The term appeasement is unpopular today both in politics and in academia as it is associated with the policy pursued by France and Great Britain towards Nazi Germany in the 1930s. The highpoint of this policy was reached on September 29, 1938 in Munich when the Western Powers gave in to Hitler’s territorial demands concerning Czechoslovakia. Since then the term has been associated with political and military weakness and treachery. This article represents the second installment in a series dedicated to the commemorations of 70 years since the start of World War II and will deal with the political implications of appeasement. In the following lines I will outline the meaning of appeasement and its implications for the international system. My approach will draw upon the work of Robert Gilpin and of Mark R. Brawley and will concentrate on defining appeasement and explaining the political context in which it was implemented.
A group of Central and Eastern European intellectuals and former chiefs of state have published on July 16 an open letter to the President of the United States of America, voicing their concerns regarding the current state of relations between the countries of this region and the United States. The letter comes after the US-Russia summit and is signed by Vaclav Havel, Lech Walesa, Emil Constantinescu, Valdas Adamkus, Martin Butora, Matyas Eorsi, Alexandr Vondra and other important figures who have played a part in the recent history of Central and Eastern Europe. In the letter they emphasize the role played by the United States in Central Europe’s (CEE) transition from authoritarianism to democracy, remind Washington of the contribution made by the countries of this region to the American war effort in Iraq and Afghanistan, while deploring the fact that the CEE is no longer a priority for US foreign policy. The letter criticizes the new “realist” foreign policy of the Obama Administration concerning Europe and Russia, with the shadow of Yalta looming large in the minds of the signatories.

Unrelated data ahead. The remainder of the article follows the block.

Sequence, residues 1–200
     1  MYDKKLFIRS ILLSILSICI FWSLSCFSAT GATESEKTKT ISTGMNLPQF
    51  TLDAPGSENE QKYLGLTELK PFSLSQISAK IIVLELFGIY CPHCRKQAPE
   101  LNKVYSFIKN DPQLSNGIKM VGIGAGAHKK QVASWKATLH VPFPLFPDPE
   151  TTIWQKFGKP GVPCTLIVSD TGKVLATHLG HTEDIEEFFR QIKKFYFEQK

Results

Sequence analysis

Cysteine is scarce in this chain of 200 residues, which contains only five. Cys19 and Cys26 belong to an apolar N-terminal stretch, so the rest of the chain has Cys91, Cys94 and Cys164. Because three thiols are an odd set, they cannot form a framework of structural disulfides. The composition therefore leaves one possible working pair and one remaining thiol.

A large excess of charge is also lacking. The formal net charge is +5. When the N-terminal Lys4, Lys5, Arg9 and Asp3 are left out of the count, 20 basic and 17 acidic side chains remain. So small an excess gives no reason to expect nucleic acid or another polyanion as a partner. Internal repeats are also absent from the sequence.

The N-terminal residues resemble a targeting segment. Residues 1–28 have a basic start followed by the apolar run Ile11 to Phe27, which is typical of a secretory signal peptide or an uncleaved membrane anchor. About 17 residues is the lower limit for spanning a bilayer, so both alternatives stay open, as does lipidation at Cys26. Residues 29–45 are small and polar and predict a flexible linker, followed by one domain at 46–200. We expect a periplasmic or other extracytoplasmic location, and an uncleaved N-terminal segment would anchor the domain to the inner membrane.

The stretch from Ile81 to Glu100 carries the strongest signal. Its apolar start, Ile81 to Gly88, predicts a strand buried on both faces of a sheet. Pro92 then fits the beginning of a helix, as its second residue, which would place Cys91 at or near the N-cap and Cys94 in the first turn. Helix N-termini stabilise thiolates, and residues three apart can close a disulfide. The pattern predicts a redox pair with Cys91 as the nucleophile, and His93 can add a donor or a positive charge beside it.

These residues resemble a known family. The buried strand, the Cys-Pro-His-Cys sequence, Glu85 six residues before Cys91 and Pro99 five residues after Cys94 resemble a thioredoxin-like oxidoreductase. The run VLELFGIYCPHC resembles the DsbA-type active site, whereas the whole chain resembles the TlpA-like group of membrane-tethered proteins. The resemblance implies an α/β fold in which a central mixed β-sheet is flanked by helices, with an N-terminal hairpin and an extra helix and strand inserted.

As part of an ambitious 15 billion euros modernization plan, conceived in 2005, Romania should have replaced by now its aging fighter force with a new modern multipurpose aircraft. However, political difficulties, internal wrangling and the economic crisis of September 2008 have delayed these plans and threaten Romania’s ability to protect its airspace and fulfill its obligations as a NATO member.
The mainstay of the Romanian Air Force for almost forty years has been the Soviet built MiG-21 Fishbed, which has now become hopelessly outdated and needs replacement. A series of upgrades and overhauls in the mid 90’s have allowed the MiG-21 fleet to stay airborne until 2012 and maintain a decent degree of interoperability with other NATO partners. However the life expectancy of these air crafts is now almost over and they offer little military capabilities. Consequently in 2006 the Romanian Ministry of Defense decided to allocate 4.5 billion dollars to buy 48 new multipurpose fighters for the Air Force. The decision to buy these fighters should have been taken in 2008, but for political and economic reasons it has now been deferred most likely until 2010.